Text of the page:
SHIFT20: Consumer health perceptions of plant-based meat are evolving, reports IFIC
At SHIFT20, the virtual IFT Show, the International Food Information Council (IFIC) presented its findings from a recent survey of 1,000 US adults, which sought to answer these questions.
Consumer definition of plant-based eating
Before diving into consumers' nutritional perceptions of plant-based meat alternatives, IFIC asked respondents to characterize what they believe defines a plant-based diet.
According to survey results, the top response to this question was a plant-based diet is a "vegan diet in which you avoid all animal products, including eggs and dairy." The next top response was "a diet that emphasized minimally-processed foods that comes from plants, with limited consumption of animal meat, eggs, and dairy."
"I found this fascinating because it didn’t necessarily align with what my definition of a plant-based diet is. So, it's always important to consider where the consumer is in terms of understanding or perceptions of certain topics," said Kris Sollid, RD, senior director of nutrition communications, IFIC, during the SHIFT20 virtual presentation.
Who has tried plant-based alternatives? And why?
According to the consumer survey, about half of respondents have eaten a plant-based alternative. When asked what motivated them to try a plant-based meat alternative, the most common answer was curiosity -- 41% of respondents reported "I like to try new foods" and 30% said "I've been hearing about them [plant alternatives to animal meat] and was curious."
"The adventurous eater and the curious eater seem to be driving trial of plant alternatives to animal meat," said Sollid.
When asked what they liked most about plant-based meat alternatives (among the sample that had tried these products), 53% reported liking the taste, 35% said they liked the texture, and 34% said the products taste like meat.
Among the sample of respondents who had not tried plant-based meat alternatives, when asked why, 31% said anticipation of not liking the product was the top reason for not trying plant alternatives.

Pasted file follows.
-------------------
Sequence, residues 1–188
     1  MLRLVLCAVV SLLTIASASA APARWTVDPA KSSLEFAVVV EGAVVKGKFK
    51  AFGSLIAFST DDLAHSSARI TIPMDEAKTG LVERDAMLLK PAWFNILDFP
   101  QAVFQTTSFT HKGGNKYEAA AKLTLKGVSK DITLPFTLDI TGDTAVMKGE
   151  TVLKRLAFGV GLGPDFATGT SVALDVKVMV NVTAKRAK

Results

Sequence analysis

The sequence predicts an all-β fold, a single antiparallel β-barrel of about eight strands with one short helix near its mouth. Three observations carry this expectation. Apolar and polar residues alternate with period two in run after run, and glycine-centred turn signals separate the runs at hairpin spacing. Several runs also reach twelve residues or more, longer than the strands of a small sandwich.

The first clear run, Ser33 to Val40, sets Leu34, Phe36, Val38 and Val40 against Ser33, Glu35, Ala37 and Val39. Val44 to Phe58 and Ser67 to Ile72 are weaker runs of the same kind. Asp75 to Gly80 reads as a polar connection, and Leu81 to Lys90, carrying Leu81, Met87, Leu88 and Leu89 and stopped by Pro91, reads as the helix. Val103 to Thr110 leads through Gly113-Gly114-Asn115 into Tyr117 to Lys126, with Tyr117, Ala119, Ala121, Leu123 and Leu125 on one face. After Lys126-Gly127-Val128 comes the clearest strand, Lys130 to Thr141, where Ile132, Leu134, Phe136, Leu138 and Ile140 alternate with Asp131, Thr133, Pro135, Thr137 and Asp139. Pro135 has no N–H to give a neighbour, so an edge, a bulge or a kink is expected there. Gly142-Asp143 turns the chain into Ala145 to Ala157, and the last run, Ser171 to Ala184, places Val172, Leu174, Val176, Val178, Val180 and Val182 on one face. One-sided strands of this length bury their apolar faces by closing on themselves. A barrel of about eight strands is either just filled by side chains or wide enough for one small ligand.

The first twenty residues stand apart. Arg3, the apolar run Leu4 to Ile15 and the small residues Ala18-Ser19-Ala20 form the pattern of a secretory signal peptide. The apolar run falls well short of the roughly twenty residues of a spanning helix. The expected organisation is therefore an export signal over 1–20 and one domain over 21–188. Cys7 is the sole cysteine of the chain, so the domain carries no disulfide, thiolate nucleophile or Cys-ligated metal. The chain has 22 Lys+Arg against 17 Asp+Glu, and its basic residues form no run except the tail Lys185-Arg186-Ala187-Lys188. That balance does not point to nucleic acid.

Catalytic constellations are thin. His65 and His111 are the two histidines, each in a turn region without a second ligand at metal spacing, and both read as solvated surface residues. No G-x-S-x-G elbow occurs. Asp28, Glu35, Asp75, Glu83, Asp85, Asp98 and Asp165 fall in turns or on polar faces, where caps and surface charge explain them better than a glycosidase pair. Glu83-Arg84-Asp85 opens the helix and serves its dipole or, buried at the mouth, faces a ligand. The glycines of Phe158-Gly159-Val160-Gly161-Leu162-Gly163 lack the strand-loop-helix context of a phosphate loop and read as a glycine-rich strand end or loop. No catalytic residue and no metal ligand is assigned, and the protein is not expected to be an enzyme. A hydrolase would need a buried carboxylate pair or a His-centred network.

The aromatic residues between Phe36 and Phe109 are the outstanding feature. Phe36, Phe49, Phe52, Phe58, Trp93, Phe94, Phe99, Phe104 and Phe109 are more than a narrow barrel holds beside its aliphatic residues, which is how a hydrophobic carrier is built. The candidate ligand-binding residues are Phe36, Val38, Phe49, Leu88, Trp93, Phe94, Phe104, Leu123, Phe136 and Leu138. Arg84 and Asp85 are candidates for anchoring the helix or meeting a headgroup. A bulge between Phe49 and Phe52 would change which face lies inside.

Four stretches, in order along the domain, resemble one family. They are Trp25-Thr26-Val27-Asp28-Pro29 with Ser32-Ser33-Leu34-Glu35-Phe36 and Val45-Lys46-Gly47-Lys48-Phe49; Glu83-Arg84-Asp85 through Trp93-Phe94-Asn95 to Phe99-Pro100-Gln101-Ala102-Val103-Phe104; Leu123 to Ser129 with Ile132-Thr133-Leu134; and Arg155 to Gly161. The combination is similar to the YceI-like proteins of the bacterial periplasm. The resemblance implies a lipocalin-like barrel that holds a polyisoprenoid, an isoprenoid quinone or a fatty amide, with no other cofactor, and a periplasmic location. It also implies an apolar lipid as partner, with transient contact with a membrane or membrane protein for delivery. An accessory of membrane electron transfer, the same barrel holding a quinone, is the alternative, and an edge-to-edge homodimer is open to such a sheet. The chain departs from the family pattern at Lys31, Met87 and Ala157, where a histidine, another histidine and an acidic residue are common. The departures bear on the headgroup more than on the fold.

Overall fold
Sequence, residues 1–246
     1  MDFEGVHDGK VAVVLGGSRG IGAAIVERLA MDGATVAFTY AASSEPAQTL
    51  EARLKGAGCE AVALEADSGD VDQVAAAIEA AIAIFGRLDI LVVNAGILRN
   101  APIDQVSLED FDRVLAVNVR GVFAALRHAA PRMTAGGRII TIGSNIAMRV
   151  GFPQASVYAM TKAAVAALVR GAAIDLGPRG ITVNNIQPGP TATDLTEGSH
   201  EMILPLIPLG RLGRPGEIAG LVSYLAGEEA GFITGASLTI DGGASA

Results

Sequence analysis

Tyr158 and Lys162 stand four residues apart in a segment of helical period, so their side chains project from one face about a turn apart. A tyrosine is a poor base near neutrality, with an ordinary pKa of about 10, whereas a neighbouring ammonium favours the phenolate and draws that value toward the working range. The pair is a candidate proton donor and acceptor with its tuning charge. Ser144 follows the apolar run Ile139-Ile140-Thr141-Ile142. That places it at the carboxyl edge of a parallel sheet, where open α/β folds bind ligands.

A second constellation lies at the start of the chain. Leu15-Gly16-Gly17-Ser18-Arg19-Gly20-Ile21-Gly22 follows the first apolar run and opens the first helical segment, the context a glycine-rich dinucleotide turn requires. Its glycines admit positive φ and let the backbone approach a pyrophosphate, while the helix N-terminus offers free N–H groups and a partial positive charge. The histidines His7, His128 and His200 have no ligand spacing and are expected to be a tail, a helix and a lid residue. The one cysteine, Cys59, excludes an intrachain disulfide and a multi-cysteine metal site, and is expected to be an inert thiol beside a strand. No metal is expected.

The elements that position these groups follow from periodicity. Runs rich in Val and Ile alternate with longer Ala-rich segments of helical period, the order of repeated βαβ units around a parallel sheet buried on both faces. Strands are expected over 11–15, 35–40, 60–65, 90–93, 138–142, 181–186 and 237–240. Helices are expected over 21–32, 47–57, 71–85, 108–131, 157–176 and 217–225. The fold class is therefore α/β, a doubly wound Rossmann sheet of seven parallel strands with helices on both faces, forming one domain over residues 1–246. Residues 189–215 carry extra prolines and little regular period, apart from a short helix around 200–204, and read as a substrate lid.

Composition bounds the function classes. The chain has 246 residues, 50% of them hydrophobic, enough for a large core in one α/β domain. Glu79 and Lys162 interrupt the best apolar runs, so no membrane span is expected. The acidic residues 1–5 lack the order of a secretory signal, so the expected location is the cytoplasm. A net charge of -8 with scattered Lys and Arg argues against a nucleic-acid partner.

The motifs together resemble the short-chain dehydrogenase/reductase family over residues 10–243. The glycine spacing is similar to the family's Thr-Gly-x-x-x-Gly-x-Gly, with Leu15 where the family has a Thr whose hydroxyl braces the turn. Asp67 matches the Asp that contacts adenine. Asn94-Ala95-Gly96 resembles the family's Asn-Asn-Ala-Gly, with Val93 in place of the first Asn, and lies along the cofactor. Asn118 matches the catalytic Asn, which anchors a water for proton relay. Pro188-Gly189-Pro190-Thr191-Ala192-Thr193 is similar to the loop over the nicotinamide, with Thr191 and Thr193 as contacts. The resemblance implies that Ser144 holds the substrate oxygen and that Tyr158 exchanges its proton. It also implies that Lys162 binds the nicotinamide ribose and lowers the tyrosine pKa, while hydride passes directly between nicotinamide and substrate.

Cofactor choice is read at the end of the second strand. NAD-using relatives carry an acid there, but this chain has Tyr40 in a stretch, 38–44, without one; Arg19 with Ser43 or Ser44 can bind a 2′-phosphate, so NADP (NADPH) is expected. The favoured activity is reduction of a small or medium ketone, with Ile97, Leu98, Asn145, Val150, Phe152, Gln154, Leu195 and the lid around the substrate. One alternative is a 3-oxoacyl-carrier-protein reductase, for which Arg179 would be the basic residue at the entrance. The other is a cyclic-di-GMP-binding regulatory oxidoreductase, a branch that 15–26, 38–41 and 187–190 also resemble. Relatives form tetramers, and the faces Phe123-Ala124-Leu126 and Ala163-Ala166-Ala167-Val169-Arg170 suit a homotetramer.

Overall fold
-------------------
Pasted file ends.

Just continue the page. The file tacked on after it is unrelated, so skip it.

To assess consumer health perceptions of plant-based meat vs animal meat, IFIC performed an exercise in which it presented respondents with two blind nutrition labels: Product A (plant alternative to beef) and Product B (a 100% beef product).
"What we found after comparing nutrition facts is that nearly half of people said that the plant alternative is healthier than animal meat," said Sollid. About a quarter of respondents said Product B (100% beef product) was the healthier product.
Next, IFIC included the product labels with its ingredients (thereby divulging which product was plant-based and which was the 100% animal beef product).
After the ingredients list was divulged, slightly fewer respondents (40%) said Product A was healthier and conversely the number of people that said Product B was healthier grew from 25% to 29%, according to the survey.
"I think I find that most interesting, the effect wasn't as large as we might have assumed it would be after we divulged the ingredients list to our survey takers," said Sollid.
Will the novelty of plant-based alternatives wear off?
"The big question is if these products are here to stay? My personal perception is that they are," said Sollid.
In its survey, IFIC asked consumers about purchasing intent of plant-based meat alternative products.
"What you see is that the responses are a little bit mixed," noted Sollid.
The survey revealed that 18% of consumers said that they have purchased plant alternatives to meat and do not intend to buy them again. At the same time, 27% of respondents said they have purchased these products before and they do intend to buy them again.
"On the reverse side in terms of this question we do see that about half of our sample has not purchased these products," added Sollid.
"I certainly think there's a lot of room to grow for these products, the consumer mindset is there, and I think only time will tell how much they follow through on that," said Sollid.